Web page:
a small, thin, sharp piece of wood, bone, or the like, split or broken off from the main body.
verb (used with object)
to split or break into splinters.
to break off (something) in splinters.
to split or break (a larger group) into separate factions or independent groups.
Obsolete. to secure or support by a splint or splints, as a broken limb.
verb (used without object)
to be split or broken into splinters.
to break off in splinters.

1350–1400; Middle English < Middle Dutch or Middle Low German; cf. splint

splinterless, adjective
splintery, adjective
unsplintered, adjective

1. sliver. 8. separate, part, split.
Dictionary.com Unabridged
Based on the Random House Dictionary, © Random House, Inc. 2014.
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World English Dictionary
splinter (ˈsplɪntə)
1.  a very small sharp piece of wood, glass, metal, etc, characteristically long and thin, broken off from a whole
2.  a metal fragment, from the container of a shell, bomb, etc, thrown out during an explosion
3.  to reduce or be reduced to sharp fragments; shatter
4.  to break or be broken off in small sharp fragments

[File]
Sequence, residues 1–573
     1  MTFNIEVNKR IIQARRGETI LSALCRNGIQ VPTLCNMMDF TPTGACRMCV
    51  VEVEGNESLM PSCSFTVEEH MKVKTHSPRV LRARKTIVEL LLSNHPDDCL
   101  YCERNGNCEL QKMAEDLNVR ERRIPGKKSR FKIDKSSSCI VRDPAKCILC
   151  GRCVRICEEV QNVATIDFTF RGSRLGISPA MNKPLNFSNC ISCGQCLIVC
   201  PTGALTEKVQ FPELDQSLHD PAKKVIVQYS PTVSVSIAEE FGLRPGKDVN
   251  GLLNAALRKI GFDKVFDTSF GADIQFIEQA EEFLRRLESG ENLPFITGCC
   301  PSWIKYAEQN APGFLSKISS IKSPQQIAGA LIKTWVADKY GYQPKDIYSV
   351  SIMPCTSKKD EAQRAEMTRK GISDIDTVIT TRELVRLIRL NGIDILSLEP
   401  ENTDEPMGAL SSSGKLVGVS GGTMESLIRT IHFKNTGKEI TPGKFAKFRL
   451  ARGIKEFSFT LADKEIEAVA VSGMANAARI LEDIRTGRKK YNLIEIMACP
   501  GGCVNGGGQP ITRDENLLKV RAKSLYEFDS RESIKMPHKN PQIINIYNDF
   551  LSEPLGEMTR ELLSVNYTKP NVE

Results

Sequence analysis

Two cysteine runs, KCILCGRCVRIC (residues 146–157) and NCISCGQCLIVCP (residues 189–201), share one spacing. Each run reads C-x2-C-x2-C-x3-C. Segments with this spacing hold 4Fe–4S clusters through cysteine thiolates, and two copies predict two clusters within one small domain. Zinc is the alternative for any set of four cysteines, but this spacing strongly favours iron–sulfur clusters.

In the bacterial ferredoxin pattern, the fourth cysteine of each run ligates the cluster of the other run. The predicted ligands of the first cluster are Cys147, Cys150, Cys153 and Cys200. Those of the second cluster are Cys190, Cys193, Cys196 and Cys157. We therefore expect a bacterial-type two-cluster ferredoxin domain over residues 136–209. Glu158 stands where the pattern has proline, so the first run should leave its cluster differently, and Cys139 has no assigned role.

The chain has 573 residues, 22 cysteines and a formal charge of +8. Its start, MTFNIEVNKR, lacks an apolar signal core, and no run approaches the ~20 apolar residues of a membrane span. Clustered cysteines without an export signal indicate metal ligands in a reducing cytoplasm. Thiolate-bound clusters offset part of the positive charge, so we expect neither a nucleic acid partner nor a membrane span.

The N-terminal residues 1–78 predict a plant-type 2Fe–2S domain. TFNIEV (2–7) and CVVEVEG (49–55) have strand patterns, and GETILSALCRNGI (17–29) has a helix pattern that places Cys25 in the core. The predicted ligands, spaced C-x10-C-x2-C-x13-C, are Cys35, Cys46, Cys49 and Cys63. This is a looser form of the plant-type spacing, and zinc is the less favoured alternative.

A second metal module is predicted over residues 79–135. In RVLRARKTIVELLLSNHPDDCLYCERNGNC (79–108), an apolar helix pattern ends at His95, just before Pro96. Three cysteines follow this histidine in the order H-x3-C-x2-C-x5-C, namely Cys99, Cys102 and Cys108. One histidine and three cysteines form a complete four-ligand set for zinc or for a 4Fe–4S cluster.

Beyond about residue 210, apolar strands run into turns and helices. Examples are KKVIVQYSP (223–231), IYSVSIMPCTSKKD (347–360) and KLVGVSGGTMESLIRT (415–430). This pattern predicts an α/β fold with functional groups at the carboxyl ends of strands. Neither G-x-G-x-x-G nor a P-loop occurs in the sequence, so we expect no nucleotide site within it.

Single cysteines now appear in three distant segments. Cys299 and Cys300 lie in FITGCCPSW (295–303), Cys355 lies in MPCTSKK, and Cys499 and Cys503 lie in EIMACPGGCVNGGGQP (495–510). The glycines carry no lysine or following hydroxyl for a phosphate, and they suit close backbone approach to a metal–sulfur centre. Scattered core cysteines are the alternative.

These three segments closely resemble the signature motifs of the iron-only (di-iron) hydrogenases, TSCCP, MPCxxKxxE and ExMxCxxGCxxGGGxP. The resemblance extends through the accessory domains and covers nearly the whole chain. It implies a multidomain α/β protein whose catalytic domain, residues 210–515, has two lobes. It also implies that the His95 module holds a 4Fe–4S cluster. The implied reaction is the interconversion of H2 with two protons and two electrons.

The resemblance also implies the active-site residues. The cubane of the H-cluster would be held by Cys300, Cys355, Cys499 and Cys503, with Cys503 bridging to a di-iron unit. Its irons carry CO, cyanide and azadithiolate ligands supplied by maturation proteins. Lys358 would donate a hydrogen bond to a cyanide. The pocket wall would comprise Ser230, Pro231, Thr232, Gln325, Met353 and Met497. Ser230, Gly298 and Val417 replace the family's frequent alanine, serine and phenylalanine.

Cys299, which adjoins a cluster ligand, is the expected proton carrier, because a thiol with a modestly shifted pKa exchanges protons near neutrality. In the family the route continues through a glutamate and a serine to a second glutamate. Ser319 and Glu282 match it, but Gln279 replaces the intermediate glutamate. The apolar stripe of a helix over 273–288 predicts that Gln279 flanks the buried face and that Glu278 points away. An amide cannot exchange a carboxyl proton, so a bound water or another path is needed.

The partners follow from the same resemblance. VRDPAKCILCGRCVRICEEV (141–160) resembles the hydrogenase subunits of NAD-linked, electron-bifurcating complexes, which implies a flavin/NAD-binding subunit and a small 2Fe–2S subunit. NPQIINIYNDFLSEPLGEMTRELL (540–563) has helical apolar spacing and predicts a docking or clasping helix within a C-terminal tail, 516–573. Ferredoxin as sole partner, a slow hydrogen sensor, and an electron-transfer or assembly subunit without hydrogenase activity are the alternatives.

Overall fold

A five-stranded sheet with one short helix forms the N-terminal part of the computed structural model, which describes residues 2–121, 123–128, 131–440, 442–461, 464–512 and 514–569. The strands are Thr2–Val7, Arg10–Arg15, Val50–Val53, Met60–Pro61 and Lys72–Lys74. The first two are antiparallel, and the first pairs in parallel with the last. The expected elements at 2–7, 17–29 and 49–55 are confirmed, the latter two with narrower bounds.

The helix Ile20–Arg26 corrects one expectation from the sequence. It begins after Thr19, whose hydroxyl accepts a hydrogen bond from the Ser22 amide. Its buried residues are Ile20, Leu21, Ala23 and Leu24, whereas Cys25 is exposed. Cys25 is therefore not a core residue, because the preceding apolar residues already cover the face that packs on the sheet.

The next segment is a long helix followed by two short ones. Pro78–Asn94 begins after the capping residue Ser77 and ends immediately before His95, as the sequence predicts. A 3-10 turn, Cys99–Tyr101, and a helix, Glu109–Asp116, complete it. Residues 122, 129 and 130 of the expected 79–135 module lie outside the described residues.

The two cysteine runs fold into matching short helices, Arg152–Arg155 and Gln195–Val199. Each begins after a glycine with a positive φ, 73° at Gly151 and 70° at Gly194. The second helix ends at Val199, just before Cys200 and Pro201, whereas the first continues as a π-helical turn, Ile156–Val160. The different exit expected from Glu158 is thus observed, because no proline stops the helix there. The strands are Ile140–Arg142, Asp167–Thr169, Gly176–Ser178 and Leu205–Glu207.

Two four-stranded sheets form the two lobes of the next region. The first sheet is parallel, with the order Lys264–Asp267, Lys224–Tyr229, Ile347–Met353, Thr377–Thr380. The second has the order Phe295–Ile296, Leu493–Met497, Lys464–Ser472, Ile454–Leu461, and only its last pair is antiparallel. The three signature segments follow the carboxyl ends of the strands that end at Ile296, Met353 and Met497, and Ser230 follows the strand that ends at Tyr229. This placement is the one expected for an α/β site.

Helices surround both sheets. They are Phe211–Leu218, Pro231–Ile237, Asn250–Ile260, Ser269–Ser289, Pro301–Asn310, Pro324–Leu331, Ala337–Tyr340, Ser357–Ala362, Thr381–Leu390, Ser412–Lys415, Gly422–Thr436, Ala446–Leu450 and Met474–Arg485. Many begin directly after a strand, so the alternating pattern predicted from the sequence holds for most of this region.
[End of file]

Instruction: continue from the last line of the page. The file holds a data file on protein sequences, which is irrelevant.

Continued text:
[C14: from Middle Dutch splinter; see splint]

Collins English Dictionary - Complete & Unabridged 10th Edition
2009 © William Collins Sons & Co. Ltd. 1979, 1986 © HarperCollins
Publishers 1998, 2000, 2003, 2005, 2006, 2007, 2009
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Word Origin & History

late 14c., from M.Du. splinter, splenter "a splinter," related to splinte (see splint). The verb is from 1580s; figurative sense from c.1600. The adjective (as in splinter party) is first recorded 1935, from the noun.
Online Etymology Dictionary, © 2010 Douglas Harper
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Example sentences
He says the piece, splintered and missing a leg, was found in a cave not far
  from this village.
Families grew smaller or splintered apart, mothers left the home to work.
My own discipline has since splintered into a seemingly infinite variety of
  subdisciplines, each with its own research literature.
Yeah so everything is becoming more splintered in terms of the feeds.
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